Heat Loss

Reducing Heat Loss in Your Home (Infographic)

FindItMore | Running costs for your home can be quite high, as you need to account for insurance, property tax, utility bills, maintenance and more. Logically, you would follow through on any measure that could reduce these costs. Reducing heat loss is a very easy way to do this, yet many homeowners seem to have no idea of just how readily heat is seeping out of their residences.

Research from Metro Home Insulation showed that heating and cooling comprises more than half the annual cost of a typical household’s utility bills, while a well-insulated home could recoup the costs of implementing wall, floor, roof and attic insulation within five years. There are simpler ways in which you could help your home retain heat, but insulation is certainly an advisable long-term measure.

In a typical home, 70% of heat loss occurs through thin or uninsulated walls and through gaps in windows and doors. A further 20% is lost through the roof, with floors accounting for the remainder. These figures will, of course, vary from one property to the next, but they give a strong indication as to which areas of your home are most susceptible to unnecessary heat loss.

If you’re on a tight budget and you’re looking for cheap yet effective ways of reducing heat loss in your home, a good place to start is by simply drawing the curtains at night, as this helps to keep heat within a room. Just make sure that the curtains don’t sit on the heater, as this would obviously stem the flow of heat. Keeping windows and doors closed also allows a room to retain its heat and stops cold air from seeping throughout the home.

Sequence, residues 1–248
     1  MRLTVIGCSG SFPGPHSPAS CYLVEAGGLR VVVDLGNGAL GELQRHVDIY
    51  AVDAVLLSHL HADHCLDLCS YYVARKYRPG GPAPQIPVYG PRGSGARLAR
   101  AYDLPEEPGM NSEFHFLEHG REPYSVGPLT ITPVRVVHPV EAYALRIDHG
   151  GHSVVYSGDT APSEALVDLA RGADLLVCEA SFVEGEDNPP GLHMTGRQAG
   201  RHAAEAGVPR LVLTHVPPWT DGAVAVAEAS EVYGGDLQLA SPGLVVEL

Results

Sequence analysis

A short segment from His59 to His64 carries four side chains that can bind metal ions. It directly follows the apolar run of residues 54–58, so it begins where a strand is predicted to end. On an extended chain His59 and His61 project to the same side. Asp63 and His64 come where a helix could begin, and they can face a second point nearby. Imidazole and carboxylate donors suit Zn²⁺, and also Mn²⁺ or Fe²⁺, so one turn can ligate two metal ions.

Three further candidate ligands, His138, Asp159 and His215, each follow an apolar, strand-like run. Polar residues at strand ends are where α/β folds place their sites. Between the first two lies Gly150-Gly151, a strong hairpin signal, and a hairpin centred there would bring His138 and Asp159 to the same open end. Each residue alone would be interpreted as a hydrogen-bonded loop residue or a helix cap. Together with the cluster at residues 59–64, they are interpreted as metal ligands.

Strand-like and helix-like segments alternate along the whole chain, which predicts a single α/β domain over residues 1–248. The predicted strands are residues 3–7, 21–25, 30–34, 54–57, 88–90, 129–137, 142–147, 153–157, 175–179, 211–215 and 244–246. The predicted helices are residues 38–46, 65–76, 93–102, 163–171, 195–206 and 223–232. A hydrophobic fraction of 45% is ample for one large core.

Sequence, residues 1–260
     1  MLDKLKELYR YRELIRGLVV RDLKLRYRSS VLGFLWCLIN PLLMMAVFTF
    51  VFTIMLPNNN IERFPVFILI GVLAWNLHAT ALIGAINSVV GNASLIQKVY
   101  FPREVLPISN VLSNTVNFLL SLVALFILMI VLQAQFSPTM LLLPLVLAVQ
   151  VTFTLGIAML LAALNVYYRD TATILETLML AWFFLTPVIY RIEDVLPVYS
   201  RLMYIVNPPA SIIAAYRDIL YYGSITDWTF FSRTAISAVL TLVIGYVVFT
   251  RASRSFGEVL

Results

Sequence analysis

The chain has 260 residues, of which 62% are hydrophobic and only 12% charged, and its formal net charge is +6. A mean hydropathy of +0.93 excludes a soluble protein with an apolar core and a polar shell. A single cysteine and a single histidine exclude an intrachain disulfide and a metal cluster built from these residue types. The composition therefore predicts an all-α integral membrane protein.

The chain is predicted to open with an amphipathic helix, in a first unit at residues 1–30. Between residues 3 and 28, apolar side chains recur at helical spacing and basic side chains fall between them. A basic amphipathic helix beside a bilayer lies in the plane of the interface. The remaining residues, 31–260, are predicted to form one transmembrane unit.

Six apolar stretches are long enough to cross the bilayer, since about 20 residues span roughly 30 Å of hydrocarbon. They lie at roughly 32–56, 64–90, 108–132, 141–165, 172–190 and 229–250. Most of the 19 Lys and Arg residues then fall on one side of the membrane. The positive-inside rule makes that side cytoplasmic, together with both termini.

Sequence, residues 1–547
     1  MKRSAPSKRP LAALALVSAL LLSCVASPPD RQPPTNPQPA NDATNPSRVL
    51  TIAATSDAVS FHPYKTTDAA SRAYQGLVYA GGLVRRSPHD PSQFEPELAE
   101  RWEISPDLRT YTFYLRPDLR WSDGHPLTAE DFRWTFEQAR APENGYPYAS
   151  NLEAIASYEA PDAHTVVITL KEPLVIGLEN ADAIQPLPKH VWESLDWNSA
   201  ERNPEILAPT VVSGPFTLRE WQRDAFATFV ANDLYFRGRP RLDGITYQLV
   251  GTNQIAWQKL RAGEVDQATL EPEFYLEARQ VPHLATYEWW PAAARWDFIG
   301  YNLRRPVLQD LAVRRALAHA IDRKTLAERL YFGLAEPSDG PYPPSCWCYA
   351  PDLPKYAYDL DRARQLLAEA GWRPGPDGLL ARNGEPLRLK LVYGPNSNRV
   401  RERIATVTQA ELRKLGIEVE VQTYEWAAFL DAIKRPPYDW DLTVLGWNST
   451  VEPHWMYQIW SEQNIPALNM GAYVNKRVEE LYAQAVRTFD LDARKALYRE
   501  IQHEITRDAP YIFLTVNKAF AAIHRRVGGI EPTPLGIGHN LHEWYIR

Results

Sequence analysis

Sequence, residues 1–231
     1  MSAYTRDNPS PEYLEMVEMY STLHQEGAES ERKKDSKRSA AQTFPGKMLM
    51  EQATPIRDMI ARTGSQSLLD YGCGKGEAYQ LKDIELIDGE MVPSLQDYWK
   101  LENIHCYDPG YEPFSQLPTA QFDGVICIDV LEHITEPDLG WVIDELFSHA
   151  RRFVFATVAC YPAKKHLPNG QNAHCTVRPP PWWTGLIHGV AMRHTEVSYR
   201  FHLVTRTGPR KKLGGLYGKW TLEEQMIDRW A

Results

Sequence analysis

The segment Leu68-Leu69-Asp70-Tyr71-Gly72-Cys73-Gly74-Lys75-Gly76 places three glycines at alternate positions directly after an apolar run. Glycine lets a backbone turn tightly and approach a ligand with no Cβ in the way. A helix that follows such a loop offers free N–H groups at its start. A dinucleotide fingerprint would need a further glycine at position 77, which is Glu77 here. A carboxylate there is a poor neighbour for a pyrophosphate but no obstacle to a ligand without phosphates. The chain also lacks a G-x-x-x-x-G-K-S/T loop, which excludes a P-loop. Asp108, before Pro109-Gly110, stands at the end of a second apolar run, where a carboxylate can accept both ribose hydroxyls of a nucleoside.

Nothing will keep your home warm quite like proper insulation, though. Yes, it may seem expensive at first, with the right choice of insulating material, the energy savings will add up over a few short years. Also, high-quality insulation helps the environment, as less energy is being used.

If you decide to insulate your home, think carefully about the material you choose for the insulation, as some will be far more effective than others. Aerated concrete and blown fiberglass are among the least effective insulators and would probably represent a poor investment, whereas high-density foams like polyurethane and polyisocyanurate are excellent for this purpose. An easy way to gauge the effectiveness of insulating material is to check its R-value. If this is 5 or higher, you can expect it to be of high quality. Anything lower than 3 just isn’t worth the investment.

If you would like to learn more about how to cut down on heat loss in your home, then check out the infographic below, which was created by Senator Windows.

Heat Loss


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